November 05, 2012
Rap Genius' business plan (aside from finding more investors to dupe): Corporate sponsored annotations
This is straight for the Arabian horse's mouth (so to speak), so it'll be that much more difficult for them to lawyer their way out of, though I'm sure they'll still try: In a comment on a post on my Facebook linking to a post here about how rappers who enter their own lyrics into Rap Genius waive their right to profit off of them (since confirmed by Combat Jack, who, like Star Jones, is, in fact, a lawyer), Rap Genius co-founder Mahbod Moghadam reveals that one day they plan to sell ad space within the annotations that rappers and random racist kids contribute to the site. As an exampleof how much money they could make doing this, he points to the fact that it costs $100k a pop to pay Lil Wayne to mention a product on Twitter. Multiply that by the number of songs in Rap Genius, and you're starting to talk about real money. Not that $100k already isn't more money than I've made in my entire life. And I've been out of college for upwards of 10 years! #jealousy
1) If you already waived your right to profit from the use of your own lyrics when you typed them into Rap Genius, how much money do you receive when Rap Genius turns around and sells ad space within your annotations? None, right?
2) If you do an especially good job of explaining already obvious rap lyrics, you earn Rap IQ. If you get enough Rap IQ, you can enter the private, racist editors chat room. But you don't get any money when Rap Genius takes your "user generated content" straight to the bank, do you?
3) If you can make money from mentioning products within Rap Genius annotations, maybe you can make more money by mentioning more products in your songs, thus increasing the number of opportunities to mention said products on Rap Genius.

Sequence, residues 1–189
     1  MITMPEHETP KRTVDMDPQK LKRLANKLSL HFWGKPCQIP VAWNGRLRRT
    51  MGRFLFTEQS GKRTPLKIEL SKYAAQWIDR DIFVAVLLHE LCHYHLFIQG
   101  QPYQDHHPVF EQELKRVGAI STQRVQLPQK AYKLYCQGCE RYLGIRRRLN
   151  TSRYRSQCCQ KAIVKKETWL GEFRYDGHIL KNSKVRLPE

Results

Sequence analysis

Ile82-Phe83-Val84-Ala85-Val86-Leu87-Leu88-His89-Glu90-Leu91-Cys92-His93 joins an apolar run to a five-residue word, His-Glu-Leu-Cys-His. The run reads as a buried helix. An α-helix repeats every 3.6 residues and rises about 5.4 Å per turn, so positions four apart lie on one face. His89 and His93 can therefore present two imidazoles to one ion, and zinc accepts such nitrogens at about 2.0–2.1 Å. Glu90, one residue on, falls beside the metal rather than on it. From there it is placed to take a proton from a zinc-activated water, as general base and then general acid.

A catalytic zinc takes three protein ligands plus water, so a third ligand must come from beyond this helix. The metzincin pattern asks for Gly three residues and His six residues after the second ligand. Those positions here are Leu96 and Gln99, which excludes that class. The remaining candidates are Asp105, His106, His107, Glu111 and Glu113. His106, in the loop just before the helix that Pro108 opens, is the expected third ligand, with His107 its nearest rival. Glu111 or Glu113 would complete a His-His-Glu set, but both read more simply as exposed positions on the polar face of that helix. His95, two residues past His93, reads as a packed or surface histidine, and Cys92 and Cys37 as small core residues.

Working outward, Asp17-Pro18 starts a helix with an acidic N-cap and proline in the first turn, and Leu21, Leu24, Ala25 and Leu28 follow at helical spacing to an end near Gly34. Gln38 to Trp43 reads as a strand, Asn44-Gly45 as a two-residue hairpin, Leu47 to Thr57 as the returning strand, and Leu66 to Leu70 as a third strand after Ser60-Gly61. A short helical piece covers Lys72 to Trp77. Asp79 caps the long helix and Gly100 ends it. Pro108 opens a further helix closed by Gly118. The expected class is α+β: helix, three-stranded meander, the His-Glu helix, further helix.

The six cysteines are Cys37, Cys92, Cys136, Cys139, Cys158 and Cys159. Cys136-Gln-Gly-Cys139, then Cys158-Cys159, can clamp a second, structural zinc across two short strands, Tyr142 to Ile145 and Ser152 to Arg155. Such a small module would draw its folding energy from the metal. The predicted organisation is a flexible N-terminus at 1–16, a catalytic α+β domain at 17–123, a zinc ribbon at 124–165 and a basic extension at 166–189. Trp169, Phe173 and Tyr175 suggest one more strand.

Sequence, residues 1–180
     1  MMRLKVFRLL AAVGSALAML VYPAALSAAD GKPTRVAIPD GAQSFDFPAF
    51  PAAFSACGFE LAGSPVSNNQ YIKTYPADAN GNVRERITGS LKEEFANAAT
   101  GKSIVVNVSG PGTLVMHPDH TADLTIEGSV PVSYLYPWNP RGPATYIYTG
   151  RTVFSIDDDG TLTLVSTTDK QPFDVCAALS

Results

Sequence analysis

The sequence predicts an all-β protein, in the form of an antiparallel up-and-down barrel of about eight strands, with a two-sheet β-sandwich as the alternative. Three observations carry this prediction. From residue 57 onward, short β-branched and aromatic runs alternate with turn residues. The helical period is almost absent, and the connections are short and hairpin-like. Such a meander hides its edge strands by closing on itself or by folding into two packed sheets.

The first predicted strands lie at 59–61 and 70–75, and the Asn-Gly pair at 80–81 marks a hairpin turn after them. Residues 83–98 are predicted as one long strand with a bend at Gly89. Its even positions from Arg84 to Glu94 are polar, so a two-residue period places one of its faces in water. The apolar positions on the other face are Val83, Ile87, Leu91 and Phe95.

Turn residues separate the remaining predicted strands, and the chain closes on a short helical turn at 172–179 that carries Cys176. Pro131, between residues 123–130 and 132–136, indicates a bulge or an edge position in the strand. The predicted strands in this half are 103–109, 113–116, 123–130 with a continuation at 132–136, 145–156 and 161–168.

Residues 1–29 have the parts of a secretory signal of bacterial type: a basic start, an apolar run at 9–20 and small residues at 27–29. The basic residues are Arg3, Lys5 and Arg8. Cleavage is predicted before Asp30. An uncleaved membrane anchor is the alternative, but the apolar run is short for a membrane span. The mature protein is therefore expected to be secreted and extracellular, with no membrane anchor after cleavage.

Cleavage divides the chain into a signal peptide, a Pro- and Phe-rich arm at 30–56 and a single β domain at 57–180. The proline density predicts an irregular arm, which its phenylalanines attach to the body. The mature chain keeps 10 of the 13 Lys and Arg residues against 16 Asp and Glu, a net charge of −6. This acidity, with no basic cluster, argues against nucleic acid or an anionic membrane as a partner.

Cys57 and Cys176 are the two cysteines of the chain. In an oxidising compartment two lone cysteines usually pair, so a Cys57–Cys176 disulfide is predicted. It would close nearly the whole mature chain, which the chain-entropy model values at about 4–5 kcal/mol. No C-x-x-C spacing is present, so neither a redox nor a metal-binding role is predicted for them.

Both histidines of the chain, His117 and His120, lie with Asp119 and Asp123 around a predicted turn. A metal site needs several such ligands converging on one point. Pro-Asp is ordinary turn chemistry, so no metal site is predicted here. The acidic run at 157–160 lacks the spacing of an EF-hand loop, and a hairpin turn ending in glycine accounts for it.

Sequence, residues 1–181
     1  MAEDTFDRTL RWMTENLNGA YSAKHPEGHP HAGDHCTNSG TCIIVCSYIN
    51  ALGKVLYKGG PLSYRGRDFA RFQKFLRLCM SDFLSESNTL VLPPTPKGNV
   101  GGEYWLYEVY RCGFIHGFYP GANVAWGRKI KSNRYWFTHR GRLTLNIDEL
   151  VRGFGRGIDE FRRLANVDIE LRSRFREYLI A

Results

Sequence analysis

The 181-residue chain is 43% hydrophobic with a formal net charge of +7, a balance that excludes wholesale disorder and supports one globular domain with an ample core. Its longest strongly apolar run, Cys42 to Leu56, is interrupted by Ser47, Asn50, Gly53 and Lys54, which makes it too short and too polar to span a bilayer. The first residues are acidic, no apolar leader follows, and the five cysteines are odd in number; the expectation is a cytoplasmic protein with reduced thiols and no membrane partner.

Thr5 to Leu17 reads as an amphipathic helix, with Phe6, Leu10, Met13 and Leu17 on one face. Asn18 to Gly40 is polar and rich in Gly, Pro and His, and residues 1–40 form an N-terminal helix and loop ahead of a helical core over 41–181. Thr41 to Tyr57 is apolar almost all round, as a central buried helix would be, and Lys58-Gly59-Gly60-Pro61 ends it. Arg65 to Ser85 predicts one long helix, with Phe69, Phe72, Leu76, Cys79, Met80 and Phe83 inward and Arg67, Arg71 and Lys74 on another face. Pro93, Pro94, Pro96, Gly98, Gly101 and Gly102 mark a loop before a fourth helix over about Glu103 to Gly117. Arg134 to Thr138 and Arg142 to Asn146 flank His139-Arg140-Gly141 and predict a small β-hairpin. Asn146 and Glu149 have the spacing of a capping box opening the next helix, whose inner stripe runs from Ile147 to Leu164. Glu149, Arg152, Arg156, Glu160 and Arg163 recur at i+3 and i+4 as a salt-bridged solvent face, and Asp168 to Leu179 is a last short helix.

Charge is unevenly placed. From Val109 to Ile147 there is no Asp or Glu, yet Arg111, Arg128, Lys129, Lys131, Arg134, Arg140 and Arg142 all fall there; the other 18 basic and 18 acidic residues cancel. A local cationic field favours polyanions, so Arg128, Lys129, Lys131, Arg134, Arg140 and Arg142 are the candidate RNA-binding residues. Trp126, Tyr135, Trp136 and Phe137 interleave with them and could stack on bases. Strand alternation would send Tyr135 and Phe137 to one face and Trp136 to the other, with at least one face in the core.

4) Will artists who have already been reduced to recording for labels owned by the likes of Mountain Dew, Converse, Adult Swim and what have you have any choice but to mention those products on Rap Genius, and if they do, will they get paid, or does that just count against their advance?
5) When corporations are allowed to add their own explanations of rap lyrics, will Rap Genius users be allowed to "downvote" those explanations the same way they do other random kids? Will corporations essentially be able to buy Rap IQ, thus rendering the concept of Rap IQ even more useless than it already is?
6) Similarly, if we know that rappers could be getting paid to say whatever they say on Rap Genius, how can we trust the accuracy of their explanations? Would you believe an article in the newspaper, if the guy who wrote it was on the payroll of a company that was mentioned?
7) Let's say there's already a rap song that mentions a consumer product. (I know...) Will I still be allowed to add whatever explanation I want to it? Would it matter if I could get enough people to vote for it, or if I have enough Rap IQ to enter the private, racist editors chat room?
8) The more money Rap Genius makes from running corporate sponsored annotations, the more money they can donate to the Republicans. Just because Mahbod said fuck Mitt Romney on Twitter doesn't mean that Marc Andreessen won't continue to cut checks to Romney, Paul Ryan, Todd Akin, et al. Who takes orders from whom?
9) Presumably, right now doesn't pay rappers and their labels shit to use their lyrics, because it's covered under Fair Use (for criticism, parody and what have you). Will they still be able to get away with that once they start running corporate sponsored annotations? Will every rapper receive a cut, or just the ones who agree to act as a shill?
10) Let's say I'm a rapper who objects to my lyrics being used for purposes like selling diabetes-laden sugar water to children and helping to elect Mitt Romney. Or maybe I'd rather not have my lyrics "explained" by racists who were born in 1998. Is there a way I can opt out of having my lyrics listed in Rap Genius, or do I have a choice in the matter? Has this ever been attempted? Or is just that no one ever thought of it until now?
Byron Crawford a/k/a Bol is the celebrated author of several books, most recently NaS Lost: A Tribute to the Little Homey.
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Posted by Bol at 03:24 PM | Permalink
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